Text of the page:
- Water Storage – we bought tanks, a potable ‘dual’ pumping system and pipework for servicing the camp
- Fuel Storage – we bought a 10Kl diesel fuel storage unit that was solar powered
- Kitchen – we need to expand the kitchen that we owned, we bought a 20′ refrigerated container and fitted it out with additional cold room space.
We had answered all the problems with the camp except how it was going to be built…..
The business work schedule was completely full with all our permanent staff on other projects. Anybody that would complete the site install needed to stay on site to get the camp ready in time (no daily travel). This meant no toilet, no shower, no power and sleeping under the stars for a few days until equipment began to arrive.
I did not expect anybody to accept to do what was needed so I decided to leave the office and get back on the tools to make this ‘problem solved’.
I was able to encourage my nephew and another local person to come with me to build the camp. I had arranged for our electrician (a good friend of mine) to arrive on site a few days afterwards. I knew that these guys could put up with the conditions, and they did.
Implementing the solution
I travelled to site, I always enjoyed being the first person on a project and watching ‘bare ground’ turn into a completed project. It is one of the most rewarding things a project manager/ construction manager gets to enjoy in their job.
I had the site cleared to a reasonable standard, such that rehabilitation of the site after the camp was removed would be simple, but cleared enough to prevent damage to equipment, vehicles and punctured tyres.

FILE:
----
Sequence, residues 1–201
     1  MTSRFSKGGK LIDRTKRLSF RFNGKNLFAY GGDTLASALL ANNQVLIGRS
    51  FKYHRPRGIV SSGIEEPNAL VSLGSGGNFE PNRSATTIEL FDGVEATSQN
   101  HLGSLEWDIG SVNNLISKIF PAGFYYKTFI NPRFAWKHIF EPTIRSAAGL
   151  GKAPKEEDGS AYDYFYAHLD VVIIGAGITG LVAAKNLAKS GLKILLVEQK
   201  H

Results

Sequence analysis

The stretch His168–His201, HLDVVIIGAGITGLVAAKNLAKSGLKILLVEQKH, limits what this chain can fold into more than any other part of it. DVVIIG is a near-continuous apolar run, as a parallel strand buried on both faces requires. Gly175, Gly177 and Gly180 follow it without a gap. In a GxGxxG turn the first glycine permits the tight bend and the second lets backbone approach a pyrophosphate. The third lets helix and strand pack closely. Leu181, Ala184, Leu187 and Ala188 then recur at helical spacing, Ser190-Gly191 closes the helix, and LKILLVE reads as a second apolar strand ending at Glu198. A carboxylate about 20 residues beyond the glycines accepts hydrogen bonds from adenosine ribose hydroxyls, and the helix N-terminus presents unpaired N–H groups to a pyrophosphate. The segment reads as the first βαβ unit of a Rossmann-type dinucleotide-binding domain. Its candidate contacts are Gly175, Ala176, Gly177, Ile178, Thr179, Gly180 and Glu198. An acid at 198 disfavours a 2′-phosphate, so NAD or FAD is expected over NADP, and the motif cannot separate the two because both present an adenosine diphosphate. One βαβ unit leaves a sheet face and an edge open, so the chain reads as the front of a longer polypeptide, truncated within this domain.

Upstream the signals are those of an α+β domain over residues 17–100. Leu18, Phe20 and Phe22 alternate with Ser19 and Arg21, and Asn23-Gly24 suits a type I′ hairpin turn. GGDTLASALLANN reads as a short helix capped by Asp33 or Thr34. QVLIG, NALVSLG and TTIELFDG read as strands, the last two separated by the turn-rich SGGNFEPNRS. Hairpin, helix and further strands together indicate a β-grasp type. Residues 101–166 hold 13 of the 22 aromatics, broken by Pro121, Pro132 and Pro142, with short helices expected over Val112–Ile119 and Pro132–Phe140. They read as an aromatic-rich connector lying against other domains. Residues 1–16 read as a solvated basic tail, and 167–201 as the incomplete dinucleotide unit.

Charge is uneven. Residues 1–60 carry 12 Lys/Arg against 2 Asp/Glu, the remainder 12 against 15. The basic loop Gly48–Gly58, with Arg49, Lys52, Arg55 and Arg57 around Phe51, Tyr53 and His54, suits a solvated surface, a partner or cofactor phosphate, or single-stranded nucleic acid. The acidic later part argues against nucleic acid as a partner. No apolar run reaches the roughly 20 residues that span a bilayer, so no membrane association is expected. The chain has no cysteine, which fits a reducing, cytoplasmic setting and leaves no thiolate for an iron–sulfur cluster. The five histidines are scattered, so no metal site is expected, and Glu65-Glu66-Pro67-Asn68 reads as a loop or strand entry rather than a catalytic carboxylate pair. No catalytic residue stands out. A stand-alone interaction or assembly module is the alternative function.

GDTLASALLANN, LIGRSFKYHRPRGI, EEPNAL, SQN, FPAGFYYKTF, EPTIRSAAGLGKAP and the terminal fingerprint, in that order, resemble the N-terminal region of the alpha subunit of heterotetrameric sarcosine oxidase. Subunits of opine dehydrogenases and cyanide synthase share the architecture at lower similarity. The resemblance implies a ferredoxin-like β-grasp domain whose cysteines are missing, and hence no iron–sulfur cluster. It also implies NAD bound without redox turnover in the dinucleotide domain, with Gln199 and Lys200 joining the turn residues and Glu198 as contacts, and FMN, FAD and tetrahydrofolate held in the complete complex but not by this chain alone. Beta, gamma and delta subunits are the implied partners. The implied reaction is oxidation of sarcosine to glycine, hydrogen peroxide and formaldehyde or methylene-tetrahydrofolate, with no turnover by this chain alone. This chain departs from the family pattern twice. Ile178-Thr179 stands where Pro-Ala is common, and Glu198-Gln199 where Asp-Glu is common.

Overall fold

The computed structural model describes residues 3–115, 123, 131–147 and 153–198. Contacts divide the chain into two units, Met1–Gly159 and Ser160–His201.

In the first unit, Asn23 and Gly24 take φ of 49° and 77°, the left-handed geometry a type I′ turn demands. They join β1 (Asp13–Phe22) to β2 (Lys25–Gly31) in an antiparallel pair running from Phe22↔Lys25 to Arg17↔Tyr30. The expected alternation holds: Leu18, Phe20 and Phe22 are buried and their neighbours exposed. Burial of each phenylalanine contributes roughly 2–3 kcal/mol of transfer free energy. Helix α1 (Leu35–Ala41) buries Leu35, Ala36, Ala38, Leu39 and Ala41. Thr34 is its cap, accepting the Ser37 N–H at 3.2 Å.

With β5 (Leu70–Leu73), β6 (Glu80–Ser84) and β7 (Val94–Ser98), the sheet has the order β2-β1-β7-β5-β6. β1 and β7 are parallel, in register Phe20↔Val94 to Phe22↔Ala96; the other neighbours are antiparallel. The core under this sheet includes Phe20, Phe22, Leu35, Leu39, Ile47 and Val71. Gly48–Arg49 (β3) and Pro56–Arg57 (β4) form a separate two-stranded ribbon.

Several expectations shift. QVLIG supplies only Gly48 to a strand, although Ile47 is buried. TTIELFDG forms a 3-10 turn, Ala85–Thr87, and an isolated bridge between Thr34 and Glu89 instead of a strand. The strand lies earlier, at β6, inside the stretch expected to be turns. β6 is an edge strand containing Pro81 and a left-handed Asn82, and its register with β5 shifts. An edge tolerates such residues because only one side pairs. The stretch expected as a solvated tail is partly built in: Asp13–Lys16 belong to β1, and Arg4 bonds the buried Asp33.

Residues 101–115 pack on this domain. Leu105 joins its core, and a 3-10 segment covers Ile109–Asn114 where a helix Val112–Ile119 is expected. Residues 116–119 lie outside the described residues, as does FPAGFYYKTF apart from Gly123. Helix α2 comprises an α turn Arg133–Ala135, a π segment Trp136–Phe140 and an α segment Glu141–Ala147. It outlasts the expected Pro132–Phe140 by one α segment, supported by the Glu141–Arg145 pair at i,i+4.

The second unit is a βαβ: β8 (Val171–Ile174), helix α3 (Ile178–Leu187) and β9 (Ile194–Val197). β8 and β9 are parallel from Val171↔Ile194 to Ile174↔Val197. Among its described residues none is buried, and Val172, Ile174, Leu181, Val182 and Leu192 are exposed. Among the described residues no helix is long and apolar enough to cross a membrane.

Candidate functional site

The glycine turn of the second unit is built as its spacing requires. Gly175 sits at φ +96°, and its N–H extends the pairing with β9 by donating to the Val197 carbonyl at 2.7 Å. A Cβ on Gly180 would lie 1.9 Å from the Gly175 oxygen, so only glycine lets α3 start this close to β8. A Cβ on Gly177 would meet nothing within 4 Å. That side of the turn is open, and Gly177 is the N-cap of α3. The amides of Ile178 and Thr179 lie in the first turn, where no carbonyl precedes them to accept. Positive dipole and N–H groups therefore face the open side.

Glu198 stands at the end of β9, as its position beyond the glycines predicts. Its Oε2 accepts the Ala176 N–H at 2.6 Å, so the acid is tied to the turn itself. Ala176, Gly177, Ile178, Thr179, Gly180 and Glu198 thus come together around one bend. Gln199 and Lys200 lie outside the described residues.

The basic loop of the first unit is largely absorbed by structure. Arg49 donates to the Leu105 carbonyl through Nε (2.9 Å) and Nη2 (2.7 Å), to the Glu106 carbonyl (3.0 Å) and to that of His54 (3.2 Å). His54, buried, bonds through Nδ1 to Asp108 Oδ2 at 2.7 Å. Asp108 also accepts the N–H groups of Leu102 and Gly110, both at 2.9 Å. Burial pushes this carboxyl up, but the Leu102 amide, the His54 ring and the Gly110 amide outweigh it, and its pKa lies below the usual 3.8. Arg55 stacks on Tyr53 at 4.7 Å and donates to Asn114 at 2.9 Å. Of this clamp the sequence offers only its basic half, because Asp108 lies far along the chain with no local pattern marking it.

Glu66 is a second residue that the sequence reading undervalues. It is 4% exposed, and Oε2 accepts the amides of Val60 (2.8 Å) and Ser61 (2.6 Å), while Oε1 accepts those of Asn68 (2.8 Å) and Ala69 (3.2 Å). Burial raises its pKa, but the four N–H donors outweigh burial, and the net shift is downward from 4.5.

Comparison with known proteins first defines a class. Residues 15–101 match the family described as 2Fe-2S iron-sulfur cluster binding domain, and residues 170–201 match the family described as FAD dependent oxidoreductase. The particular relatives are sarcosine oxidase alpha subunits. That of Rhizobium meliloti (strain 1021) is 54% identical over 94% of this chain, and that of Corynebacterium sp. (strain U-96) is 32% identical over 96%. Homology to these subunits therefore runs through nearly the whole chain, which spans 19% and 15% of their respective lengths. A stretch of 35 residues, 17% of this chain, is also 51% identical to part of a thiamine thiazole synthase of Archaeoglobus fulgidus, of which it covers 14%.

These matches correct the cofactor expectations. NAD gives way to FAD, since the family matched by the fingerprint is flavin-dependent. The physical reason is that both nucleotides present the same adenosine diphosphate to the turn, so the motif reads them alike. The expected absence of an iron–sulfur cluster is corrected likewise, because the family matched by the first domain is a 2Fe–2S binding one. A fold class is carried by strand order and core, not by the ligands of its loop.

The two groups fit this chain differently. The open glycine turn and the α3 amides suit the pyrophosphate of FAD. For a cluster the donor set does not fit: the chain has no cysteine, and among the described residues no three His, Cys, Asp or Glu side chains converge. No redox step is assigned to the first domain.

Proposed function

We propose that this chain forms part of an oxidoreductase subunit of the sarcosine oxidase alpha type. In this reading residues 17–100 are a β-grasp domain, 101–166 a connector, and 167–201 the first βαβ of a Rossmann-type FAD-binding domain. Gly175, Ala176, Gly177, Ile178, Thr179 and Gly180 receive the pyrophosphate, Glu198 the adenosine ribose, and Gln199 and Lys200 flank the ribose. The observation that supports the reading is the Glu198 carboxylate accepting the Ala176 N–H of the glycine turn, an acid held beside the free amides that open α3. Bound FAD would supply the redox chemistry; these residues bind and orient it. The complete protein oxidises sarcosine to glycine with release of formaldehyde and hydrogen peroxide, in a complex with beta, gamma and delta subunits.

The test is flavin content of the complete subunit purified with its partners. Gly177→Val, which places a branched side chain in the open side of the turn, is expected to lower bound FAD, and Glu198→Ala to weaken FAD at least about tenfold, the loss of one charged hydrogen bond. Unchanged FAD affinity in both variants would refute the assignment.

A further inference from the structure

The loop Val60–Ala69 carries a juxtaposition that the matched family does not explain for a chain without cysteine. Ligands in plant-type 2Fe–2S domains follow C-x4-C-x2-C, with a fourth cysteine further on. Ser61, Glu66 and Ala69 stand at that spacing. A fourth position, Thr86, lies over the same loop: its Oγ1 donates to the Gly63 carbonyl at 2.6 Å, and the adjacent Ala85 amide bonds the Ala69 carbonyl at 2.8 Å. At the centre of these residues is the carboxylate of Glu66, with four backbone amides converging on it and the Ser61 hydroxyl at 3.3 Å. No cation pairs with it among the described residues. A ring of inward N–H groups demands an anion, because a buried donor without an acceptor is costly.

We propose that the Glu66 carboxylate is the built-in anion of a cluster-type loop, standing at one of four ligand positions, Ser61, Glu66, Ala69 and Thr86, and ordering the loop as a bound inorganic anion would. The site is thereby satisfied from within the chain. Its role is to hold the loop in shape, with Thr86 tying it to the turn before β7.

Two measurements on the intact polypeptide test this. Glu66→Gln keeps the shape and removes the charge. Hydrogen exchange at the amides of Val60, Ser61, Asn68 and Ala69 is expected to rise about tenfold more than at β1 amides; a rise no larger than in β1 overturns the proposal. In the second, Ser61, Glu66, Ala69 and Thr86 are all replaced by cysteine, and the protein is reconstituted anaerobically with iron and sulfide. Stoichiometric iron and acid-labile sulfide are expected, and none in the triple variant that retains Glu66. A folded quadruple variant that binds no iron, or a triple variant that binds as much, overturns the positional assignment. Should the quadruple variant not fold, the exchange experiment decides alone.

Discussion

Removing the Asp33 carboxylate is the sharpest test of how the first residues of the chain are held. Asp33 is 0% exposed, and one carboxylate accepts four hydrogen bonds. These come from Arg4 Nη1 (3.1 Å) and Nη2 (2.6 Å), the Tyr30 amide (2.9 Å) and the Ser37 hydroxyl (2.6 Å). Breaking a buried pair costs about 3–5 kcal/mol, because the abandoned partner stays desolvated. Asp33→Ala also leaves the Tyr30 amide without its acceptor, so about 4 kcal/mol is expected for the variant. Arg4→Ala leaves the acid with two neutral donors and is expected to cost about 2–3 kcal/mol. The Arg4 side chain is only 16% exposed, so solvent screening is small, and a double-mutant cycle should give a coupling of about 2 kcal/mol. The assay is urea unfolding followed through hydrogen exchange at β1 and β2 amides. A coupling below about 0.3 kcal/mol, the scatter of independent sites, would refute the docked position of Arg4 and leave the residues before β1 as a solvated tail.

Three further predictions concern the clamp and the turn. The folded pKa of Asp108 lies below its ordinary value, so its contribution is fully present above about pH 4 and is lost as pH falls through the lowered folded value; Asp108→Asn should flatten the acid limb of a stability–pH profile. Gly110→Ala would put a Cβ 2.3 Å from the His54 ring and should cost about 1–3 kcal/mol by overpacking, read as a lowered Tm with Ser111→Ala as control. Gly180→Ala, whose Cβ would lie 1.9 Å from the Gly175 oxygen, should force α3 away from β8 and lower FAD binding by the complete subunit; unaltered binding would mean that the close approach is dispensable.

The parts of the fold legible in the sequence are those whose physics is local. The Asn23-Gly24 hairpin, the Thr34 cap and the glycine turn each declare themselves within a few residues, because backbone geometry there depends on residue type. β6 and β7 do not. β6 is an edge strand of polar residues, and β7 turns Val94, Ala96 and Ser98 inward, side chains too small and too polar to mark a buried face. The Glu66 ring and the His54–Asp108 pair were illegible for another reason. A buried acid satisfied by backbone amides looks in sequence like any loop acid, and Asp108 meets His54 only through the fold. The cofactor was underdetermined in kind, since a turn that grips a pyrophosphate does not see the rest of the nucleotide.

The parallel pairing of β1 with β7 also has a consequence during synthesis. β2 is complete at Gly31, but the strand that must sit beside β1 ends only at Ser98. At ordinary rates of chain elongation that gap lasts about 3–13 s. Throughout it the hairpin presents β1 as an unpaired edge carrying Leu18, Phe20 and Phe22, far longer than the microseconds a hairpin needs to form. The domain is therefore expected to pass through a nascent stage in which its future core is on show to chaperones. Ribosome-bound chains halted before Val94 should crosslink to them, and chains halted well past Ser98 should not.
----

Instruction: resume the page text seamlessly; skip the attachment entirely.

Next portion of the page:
I marked out the location of the services and we began building the camp, marking out building locations with profiles, water lines, sewer lines, power supply, water storage and sewerage treatment locations.
We worked for the first couple of days when we received our first sign of what was to come…… the crane along with our first buildings began to arrive.
The kitchen was put into position, and we were able to camp inside out of the cold.
The camp was built over a period of the next few days, one by one the services were connected and hot water flowed out of the showers for our men to take full advantage of.
The camp was completed within the period required.
We had delivered to our promise – ‘problem solved’
Taking advantage of the ‘add-ons’
It may seem that we simply ‘built a camp’. But what happened afterwards is where we went from ‘problem solved’ to ‘yes we can’…..
We took complete advantage of the business relationship that had been forged by this new triumph. Not only did we build the camp, we became the supplier for all catering, services, delivery, logistics and all other CH Clearance project needs. The extent of supply included tyres, tyre fitting, UHF’s, safety equipment, water bottles, delivery of water, fuel, telecommunications services, camp catering and cleaning.
Not only did the CH program return as a complete success, we replicated the move for the next program and kept our relationship with the company for years until the day they merged.
The “shouldn’t be a problem……. when did you need it ready by” transformed our business and we were able to grow from strength to strength. The catering arm of the business grew and at one point we provided over 100,000 cooked meals in a year.
By having the “Problem Solved” approach, it is amazing what doors can open up for your business…..
Written by Geoff Pike, Entrepreneur, Speaker & Business Mentor
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Geoff founded a sole trader plumbing business in a remotely located and vastly underpopulated location in outback Australia. Starting business with only enough money to pay 4 weeks wages, Geoff persisted by growing the business into a multi-disciplined trade services company. Over a period of 12 years, the company Geoff established grew to employ a workforce of over 300 personnel covering an area almost half the size of Europe, receiving international award recognition with an annual revenue of over $30mil. Geoff knows what it takes to overcome adversity.